Israel’s Bank Leumi, Dubai’s DP World to explore regional shipping cooperation

Memorandum of understanding between major financial house and leading port operator covers work on developing ports, logistic assets and trade finance

The port of Haifa. September 13, 2008. (Jorge Novominsky/Flash 90)
The port of Haifa. September 13, 2008. (Jorge Novominsky/Flash 90)

Israel’s Bank Leumi and the Dubai-based DP World signed a memorandum of understanding Monday to explore working together on increasing trade between Israel and the rest of the Middle East via shipping, the two companies said.

The MOU includes a framework for cooperation on developing ports and logistics infrastructure in Israel, DP World said in a statement.

It includes the possibility of financing to develop Israel’s port sector, said Leumi, one of Israel’s two largest banks, in a statement of its own.

The announcement comes after a White House ceremony last Tuesday saw Israel sign deals with the United Arab Emirates and Bahrain to normalize relations.

Ahead of the signing ceremony, Bank Leumi said it had signed two cooperation memorandums of understanding with UAE’s First Abu Dhabi Bank (FAB) and the Emirates NBD bank of Dubai.

Bank Leumi’s chairman Samer Haj Yehia, fourth from left, High Excellency Thani bin Ahmed Al Zeyoudi, the UAE Minister of State for Foreign Trade, fifth from left, and CEO Hanan Friedman, second from right, with UAE officials; Sept. 14, 2020 (Courtesy)

A day later DP World said it would partner with an Israeli firm in a bid to take over the country’s Haifa port, the largest shipping hub for the nation.

DP World said in a statement at the time that it had signed memorandums of understanding with DoverTower, a company owned by Shlomi Fogel, the co-owner of Israel Shipyards and the Port of Eilat.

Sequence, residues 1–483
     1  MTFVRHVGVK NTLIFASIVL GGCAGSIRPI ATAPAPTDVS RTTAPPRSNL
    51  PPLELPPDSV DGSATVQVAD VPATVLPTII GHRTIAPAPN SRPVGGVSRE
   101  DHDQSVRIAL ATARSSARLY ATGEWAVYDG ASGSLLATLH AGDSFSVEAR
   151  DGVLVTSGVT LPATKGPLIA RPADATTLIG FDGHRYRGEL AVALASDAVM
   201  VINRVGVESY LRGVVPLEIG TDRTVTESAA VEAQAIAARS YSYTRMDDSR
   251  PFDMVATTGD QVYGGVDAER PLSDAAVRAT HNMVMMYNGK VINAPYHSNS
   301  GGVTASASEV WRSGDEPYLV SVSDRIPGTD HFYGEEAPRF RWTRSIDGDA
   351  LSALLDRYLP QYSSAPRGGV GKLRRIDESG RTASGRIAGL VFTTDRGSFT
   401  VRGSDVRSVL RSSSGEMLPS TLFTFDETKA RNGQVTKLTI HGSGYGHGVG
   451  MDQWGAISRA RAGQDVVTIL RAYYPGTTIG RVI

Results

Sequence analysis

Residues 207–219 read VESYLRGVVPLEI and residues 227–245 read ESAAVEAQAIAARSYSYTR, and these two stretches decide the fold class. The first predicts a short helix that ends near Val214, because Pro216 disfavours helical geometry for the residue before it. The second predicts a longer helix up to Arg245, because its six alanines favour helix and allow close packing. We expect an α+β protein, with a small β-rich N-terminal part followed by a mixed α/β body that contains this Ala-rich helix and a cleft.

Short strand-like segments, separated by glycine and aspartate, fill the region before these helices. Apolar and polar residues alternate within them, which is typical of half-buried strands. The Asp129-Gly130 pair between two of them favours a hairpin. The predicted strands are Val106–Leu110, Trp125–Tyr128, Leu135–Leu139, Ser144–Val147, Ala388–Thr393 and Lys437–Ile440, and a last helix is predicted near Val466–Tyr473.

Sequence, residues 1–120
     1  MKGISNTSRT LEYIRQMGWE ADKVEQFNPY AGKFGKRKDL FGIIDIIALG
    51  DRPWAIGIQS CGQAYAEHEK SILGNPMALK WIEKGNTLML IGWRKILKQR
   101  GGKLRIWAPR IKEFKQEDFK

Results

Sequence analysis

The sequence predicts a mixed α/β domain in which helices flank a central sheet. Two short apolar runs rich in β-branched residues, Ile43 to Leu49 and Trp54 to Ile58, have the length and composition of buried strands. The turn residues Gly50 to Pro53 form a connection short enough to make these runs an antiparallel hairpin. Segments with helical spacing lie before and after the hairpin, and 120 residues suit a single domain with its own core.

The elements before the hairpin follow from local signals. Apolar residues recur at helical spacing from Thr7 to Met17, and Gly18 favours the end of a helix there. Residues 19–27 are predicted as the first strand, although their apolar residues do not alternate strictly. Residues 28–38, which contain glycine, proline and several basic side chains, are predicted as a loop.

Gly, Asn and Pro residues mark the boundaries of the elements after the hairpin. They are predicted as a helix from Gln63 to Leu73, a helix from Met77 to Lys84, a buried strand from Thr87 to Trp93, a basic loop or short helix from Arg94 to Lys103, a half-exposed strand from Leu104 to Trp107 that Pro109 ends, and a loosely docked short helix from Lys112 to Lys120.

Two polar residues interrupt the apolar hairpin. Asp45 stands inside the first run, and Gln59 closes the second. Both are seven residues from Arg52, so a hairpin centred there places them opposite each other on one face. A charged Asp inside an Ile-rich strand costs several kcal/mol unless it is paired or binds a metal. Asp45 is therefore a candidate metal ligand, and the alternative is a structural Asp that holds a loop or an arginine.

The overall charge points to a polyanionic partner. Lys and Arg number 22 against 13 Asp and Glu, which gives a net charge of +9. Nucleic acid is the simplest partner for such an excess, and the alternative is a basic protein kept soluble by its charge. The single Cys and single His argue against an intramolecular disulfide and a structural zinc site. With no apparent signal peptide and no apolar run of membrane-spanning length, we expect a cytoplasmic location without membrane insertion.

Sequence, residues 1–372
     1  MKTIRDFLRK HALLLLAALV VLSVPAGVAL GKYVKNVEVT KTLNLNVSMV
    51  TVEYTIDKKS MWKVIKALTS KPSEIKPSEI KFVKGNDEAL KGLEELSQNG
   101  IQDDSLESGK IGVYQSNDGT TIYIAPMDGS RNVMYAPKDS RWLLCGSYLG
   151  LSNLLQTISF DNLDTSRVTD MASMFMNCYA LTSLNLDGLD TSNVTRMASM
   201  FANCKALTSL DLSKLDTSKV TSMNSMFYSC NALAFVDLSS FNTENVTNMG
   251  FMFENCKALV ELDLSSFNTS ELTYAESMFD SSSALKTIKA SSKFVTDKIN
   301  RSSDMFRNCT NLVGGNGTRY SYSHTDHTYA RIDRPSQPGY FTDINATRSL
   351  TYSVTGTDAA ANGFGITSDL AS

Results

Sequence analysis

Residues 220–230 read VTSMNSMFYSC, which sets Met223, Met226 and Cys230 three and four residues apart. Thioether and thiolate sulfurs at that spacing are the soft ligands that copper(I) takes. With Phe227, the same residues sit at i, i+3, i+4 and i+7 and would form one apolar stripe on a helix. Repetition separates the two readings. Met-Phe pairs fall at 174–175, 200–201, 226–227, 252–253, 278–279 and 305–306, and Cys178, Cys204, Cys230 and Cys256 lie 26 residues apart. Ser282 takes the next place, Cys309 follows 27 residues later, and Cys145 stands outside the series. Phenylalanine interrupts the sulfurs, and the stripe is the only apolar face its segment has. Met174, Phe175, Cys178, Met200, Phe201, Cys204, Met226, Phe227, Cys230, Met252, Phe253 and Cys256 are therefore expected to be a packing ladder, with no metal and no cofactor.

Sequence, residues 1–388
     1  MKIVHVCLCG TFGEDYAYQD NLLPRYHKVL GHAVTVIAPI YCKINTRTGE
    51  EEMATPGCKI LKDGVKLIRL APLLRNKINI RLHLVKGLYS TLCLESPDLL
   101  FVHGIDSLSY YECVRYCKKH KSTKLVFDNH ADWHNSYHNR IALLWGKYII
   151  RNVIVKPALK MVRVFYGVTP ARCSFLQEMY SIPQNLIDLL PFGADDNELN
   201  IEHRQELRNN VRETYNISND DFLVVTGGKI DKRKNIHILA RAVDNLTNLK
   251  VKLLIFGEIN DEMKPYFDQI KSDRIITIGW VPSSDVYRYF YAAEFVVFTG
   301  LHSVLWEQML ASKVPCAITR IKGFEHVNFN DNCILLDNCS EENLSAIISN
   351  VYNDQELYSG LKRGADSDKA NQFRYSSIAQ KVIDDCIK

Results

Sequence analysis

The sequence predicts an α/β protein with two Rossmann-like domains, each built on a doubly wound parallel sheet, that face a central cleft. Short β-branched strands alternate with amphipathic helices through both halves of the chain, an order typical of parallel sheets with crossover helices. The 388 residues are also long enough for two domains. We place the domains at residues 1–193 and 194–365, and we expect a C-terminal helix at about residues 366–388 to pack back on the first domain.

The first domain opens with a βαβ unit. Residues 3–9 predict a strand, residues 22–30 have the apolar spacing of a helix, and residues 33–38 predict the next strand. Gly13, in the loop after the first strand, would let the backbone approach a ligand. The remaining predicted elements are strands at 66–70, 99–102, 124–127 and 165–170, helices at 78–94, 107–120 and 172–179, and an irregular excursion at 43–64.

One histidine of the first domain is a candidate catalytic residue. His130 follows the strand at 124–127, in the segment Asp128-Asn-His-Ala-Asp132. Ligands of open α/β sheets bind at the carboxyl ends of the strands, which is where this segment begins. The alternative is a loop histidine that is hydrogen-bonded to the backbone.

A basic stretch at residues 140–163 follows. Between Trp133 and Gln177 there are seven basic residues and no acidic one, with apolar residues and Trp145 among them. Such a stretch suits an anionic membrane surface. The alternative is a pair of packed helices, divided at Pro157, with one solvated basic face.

The two firms also will explore creating a direct shipping route from Dubai’s massive Jebel Ali port to Eilat, the statement said.

The government in January voted to move forward with privatizing the Haifa port, with the hope that a new owner would invest some $292 million in upgrading it.

DP World runs operations as far east as Brisbane, Australia, and as far west as Prince Rupert, Canada. The company has expanded aggressively into East Africa, helping the Emirati government wield influence farther afield. Moving into Israel will expand that footprint.

But with the coronavirus pandemic shutting borders and disrupting global supply chains, DP World’s profits fell 56 percent during the first half of the year. Months before, DP World started delisting from the Dubai stock exchange, returning the company to full state ownership to help the Dubai government’s investment company repay more than $5 billion to banks.

DP World ultimately will be held by a wholly owned subsidiary of Dubai World, a government investment company.

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